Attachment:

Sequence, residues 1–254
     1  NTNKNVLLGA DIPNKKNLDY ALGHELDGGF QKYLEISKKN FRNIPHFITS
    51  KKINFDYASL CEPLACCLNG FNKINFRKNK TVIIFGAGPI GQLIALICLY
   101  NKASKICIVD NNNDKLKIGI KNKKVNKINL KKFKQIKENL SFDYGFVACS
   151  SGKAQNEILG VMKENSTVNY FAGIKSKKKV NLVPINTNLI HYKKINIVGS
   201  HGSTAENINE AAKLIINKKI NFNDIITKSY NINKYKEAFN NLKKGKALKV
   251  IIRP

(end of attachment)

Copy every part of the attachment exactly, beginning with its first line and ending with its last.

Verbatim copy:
Sequence, residues 1–254
     1  NTNKNVLLGA DIPNKKNLDY ALGHELDGGF QKYLEISKKN FRNIPHFITS
    51  KKINFDYASL CEPLACCLNG FNKINFRKNK TVIIFGAGPI GQLIALICLY
   101  NKASKICIVD NNNDKLKIGI KNKKVNKINL KKFKQIKENL SFDYGFVACS
   151  SGKAQNEILG VMKENSTVNY FAGIKSKKKV NLVPINTNLI HYKKINIVGS
   201  HGSTAENINE AAKLIINKKI NFNDIITKSY NINKYKEAFN NLKKGKALKV
   251  IIRP